Everything Right and Everything Wrong With Gaming Culture

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This past week, I reviewed Apple TV+’s newest show Mythic Quest: Raven’s Banquet for Plugged In. The show piqued my interest for a couple of reasons. Namely, because as someone who spends some free time playing video games, I want to see a broader representation of the modern-day gamer beyond the stereotypical “cute and lovable uber-nerd” depicted in programs like The Big Bang Theory. But Mythic Quest also caught my attention because it made me think about some of the deeper impacts of online gaming on our culture today.

For starters, playing video games isn’t something that’s limited to adolescent boys or a group of sci-fi obsessed guys—granted, it never was—and this is something that Mythic Quest addresses. From the creators of this fictional game to its millions of players worldwide, we see characters of every gender, age, ethnicity, economic status and nationality. Yes, the show features the cliché pre-pubescent boy making millions by streaming out of his parent’s house. But it also features a chill, laid-back gamer-girl who’s just psyched that her job is to play video games all day.

Mythic Quest also stresses some of the more positive aspects of online gaming: The friendships you can create online, for instance, and the stress relief the game itself allows. . Massive Multiplayer Online Role Playing Games (or MMORPGs, as they’re commonly called) are designed so that even if you do manage to defeat the final boss, there’s still plenty of things to do while you wait for the next expansion to be released—and those things are largely built around the community.

As Ian Grimm, the creator of Mythic Quest within the show, says in the first episode, he didn’t just set out to create a game. He wanted to create a world. And that’s essentially what an MMORPG is—an alternate universe. In these virtual worlds, you can customize your avatar, create and join guilds (smaller communities within the game), set out on quests and hunts with your teammates, build and sell valuable tools and equipment, have conversations, even get married.

Back in the 1970s and ‘80s, when video games were first becoming popular, this wasn’t within the scope of possibility. Multiplayer gaming was a matter of going to an arcade, setting the high score on a game and then stepping aside so your friends could see if they could beat that score. But with the integration of home computers and the Internet, multiplayer gaming has become a phenomenon that virtually anyone can experience.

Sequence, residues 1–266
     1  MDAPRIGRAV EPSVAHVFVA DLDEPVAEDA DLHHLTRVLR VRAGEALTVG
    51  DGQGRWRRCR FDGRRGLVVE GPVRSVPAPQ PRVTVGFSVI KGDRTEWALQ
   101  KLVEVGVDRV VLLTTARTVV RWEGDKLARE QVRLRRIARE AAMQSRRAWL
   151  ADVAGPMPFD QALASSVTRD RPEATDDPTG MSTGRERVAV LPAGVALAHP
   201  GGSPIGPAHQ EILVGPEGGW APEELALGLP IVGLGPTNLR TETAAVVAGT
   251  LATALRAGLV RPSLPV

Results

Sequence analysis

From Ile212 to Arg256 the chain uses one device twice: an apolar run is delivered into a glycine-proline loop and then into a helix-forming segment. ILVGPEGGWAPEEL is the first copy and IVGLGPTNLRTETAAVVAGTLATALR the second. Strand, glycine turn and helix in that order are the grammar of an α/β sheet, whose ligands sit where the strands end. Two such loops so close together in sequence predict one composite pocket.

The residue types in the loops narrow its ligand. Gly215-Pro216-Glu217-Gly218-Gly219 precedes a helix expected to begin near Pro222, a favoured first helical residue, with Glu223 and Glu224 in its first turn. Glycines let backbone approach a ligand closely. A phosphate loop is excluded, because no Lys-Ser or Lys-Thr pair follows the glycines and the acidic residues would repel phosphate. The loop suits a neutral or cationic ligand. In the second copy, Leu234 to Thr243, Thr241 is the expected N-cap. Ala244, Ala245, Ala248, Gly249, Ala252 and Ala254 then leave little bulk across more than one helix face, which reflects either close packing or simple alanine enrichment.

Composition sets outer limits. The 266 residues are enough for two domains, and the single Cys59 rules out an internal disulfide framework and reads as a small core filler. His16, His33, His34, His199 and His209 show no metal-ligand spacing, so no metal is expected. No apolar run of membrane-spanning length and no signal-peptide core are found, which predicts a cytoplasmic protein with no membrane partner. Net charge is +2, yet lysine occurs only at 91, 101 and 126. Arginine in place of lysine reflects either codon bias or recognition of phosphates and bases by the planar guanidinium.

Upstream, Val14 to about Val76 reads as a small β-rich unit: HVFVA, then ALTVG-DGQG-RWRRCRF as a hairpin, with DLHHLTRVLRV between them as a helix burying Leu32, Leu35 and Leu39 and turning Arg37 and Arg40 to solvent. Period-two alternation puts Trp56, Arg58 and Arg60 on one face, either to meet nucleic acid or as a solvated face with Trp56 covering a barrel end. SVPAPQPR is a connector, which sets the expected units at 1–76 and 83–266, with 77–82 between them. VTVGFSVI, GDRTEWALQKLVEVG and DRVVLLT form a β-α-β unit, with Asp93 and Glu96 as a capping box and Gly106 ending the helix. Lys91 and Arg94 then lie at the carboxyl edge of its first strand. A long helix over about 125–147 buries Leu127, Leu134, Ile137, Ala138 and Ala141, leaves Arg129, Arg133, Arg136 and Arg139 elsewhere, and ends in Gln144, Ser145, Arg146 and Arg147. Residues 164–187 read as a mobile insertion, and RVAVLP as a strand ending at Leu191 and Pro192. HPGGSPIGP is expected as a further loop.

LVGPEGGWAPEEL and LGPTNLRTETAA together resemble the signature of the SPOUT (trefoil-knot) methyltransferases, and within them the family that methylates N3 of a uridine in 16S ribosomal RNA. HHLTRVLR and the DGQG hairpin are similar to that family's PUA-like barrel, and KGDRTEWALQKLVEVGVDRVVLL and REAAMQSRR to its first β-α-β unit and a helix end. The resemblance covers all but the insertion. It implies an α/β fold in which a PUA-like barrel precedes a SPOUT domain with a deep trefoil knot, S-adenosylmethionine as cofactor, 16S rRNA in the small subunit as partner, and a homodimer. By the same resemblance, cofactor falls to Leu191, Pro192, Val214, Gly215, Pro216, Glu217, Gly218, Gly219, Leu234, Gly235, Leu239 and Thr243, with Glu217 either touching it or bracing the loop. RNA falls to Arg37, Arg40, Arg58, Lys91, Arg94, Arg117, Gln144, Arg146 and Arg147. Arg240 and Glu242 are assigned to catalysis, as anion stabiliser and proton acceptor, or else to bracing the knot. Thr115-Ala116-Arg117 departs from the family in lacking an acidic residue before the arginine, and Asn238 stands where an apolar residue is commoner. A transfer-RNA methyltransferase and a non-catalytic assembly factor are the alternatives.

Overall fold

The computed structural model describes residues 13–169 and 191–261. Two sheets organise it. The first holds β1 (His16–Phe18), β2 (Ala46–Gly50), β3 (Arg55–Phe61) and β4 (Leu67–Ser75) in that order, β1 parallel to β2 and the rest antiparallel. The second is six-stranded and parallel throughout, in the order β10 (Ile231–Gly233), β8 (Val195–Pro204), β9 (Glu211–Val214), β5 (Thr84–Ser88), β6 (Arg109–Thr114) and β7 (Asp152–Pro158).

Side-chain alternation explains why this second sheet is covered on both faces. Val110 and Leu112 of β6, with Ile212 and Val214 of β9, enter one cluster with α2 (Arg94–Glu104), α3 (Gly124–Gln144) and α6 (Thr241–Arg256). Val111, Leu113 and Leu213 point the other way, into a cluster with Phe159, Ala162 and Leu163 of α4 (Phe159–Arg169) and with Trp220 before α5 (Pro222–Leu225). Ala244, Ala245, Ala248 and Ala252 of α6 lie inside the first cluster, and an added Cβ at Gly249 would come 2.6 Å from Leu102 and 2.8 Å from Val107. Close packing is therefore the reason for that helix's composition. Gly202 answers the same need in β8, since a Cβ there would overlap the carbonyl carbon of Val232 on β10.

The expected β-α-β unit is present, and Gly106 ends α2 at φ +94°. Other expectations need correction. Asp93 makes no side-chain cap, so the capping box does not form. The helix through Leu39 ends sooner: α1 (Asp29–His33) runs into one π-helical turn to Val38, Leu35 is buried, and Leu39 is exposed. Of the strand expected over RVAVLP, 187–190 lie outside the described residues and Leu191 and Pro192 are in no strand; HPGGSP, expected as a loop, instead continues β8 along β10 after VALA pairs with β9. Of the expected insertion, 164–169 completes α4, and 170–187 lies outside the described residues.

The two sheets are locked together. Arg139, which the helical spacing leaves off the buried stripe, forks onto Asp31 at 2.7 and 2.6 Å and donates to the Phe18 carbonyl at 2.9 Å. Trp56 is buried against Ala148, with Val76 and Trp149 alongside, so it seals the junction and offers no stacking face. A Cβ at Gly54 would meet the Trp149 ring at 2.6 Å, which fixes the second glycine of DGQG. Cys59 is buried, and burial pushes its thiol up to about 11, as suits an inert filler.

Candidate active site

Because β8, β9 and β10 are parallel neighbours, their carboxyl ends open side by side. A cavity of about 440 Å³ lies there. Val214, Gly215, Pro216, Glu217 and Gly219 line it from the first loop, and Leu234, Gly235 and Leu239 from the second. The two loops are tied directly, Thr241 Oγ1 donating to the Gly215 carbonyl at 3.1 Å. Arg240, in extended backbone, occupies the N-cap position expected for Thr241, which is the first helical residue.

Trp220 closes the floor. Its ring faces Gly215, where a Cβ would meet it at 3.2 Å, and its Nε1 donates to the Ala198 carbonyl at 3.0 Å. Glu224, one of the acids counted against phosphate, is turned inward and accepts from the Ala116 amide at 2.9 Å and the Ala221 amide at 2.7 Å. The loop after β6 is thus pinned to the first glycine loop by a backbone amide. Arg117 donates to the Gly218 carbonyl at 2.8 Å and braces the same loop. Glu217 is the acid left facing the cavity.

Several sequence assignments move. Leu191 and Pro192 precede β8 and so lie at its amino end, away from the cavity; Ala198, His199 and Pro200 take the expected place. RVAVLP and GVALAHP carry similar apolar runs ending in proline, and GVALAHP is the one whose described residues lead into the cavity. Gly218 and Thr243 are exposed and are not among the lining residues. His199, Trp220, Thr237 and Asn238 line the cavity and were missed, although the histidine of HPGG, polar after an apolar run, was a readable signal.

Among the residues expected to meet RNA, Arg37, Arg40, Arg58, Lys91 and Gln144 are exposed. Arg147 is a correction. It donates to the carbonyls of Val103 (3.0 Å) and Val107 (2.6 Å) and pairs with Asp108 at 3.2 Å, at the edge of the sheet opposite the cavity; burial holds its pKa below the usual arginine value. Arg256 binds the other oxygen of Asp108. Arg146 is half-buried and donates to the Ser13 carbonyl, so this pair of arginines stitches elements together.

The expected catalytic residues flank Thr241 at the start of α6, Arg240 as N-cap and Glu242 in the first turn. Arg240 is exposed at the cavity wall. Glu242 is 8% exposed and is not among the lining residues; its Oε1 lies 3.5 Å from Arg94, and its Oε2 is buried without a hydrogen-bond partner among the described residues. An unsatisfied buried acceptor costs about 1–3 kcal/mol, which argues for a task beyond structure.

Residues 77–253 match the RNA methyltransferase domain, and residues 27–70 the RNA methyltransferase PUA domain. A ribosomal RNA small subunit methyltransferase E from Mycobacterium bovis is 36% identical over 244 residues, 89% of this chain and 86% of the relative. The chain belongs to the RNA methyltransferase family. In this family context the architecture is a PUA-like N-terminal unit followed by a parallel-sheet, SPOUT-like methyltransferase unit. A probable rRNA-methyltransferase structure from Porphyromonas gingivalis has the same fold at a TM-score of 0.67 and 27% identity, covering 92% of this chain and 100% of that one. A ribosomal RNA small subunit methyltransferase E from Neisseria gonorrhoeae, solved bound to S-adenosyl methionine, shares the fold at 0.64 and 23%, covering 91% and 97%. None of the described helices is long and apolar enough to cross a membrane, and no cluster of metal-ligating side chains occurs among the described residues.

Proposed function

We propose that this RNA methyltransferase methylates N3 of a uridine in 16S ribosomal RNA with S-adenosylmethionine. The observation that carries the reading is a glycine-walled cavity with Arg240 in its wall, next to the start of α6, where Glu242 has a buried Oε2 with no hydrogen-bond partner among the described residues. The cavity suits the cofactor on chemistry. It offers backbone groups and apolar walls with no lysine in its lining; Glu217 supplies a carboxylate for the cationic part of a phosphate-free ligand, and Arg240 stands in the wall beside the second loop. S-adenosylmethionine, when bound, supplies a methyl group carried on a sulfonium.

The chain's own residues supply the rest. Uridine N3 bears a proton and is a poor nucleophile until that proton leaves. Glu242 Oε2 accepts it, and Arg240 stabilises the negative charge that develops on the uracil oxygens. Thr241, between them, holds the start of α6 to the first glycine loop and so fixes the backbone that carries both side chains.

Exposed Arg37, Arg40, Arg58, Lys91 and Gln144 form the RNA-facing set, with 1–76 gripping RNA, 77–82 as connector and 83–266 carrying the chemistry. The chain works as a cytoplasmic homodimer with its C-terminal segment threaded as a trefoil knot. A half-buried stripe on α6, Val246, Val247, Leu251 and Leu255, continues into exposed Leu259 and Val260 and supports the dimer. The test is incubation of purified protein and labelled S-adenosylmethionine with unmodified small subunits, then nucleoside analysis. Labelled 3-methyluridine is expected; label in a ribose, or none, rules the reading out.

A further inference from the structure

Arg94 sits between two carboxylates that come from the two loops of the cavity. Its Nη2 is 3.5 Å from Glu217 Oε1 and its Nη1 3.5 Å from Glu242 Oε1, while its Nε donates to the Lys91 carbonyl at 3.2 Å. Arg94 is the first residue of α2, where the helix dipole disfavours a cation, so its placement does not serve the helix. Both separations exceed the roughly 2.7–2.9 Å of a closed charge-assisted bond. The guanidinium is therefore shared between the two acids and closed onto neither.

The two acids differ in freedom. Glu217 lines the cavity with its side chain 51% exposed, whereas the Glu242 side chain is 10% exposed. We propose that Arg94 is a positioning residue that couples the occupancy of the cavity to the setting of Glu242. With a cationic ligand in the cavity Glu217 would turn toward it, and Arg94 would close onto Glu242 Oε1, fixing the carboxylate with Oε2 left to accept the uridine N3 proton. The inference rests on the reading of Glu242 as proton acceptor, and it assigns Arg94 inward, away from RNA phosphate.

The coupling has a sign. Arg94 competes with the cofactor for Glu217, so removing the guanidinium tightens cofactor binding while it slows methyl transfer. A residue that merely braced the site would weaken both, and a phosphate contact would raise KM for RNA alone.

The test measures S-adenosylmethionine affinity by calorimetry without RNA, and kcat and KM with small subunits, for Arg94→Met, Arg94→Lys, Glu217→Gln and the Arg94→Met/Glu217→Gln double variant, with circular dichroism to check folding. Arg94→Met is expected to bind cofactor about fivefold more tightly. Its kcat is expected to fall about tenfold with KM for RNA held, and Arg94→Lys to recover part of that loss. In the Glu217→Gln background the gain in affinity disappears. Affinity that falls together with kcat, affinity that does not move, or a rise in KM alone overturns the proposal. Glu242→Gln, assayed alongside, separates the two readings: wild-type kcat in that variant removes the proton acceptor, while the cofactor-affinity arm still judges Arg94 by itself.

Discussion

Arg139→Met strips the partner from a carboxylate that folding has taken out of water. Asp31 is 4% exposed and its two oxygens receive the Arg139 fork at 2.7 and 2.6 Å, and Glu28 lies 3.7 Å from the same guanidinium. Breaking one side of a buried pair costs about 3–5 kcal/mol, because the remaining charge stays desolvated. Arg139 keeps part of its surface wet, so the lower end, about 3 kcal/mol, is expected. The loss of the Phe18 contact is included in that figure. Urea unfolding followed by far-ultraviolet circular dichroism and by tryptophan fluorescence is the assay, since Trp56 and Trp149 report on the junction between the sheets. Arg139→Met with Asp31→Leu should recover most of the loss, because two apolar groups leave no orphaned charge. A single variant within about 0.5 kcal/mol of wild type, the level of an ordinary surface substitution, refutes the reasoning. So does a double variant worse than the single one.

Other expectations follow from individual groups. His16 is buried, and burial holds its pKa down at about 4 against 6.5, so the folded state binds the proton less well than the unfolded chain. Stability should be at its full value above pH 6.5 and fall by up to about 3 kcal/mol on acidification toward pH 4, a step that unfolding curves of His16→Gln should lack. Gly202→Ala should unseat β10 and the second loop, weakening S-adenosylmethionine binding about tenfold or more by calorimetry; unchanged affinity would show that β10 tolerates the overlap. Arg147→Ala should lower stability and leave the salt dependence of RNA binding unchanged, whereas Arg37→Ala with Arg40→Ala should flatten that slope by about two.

Unfortunately, with all these good facets comes a slew of negative ones. And Mythic Quest, in its problematic, profane way, addresses these issues as well.

Although you could argue that games are given ratings and often come with profanity filters for the chat box, it feels like foul language and inappropriate content are inescapable this otherwise escapist environment. Poppy Li, the lead engineer of Mythic Quest, creates a shovel in the game so that players can shape the environment of the virtual world. However, she is soon hounded by her coworkers who are worried that people will use the tool to draw inappropriate images (a valid fear since a 14-year-old boy does exactly that when they allow him to beta-test it). And it isn’t a far stretch from what players are capable of creating in real life games such as Minecraft.

Now, personally, I don’t go for games like Fortnite or Call of Duty, but they represent another perfect example of how people—particularly children and teens—are exposed to much more mature content. Players of these games often use headsets to communicate, not a chat box. And sadly, these games don’t come with the technology to bleep out the swearing of other players.

Mythic Quest also touches on the multiple ways people can be bullied in online gaming. The company comes under fire when they realize that multiple hate groups (namely a white supremacist group) have created guilds within the game for the sole purpose of spewing their hatred. And after a streamer (someone who records his- or herself live as they play the game) is outed as an employee for the company, players start killing her avatar every time she respawns so that she can’t play anymore.

Thankfully, most games come with community guidelines to prevent things like this from happening, and have the ability to punish or ban players who run afoul of them. Blizzard’s In-Game Code of Conduct (which governs the gameplay of the ever-popular World of Warcraft) specifically states that players are responsible for how they express themselves and are not allowed to use language that could be offensive or vulgar to others. It also says that “Threatening or harassing another player is always unacceptable, regardless of language used.” Final Fantasy XIV amended their own “Prohibited Activities” last February to create harsher punishments for bullies in an effort to create a “safe environment.”

I’m not saying you need to ban your child from video games like Fortnite. But we need to be paying attention. If you enjoy playing these games yourself, watch the backs of your fellow players! If you’re a parent worried about your child’s welfare, it might be worth it to pick up a controller and join them in the game, so you can see for yourself what your son or daughter is being exposed to. It might even prove to be a nice bonding experience.

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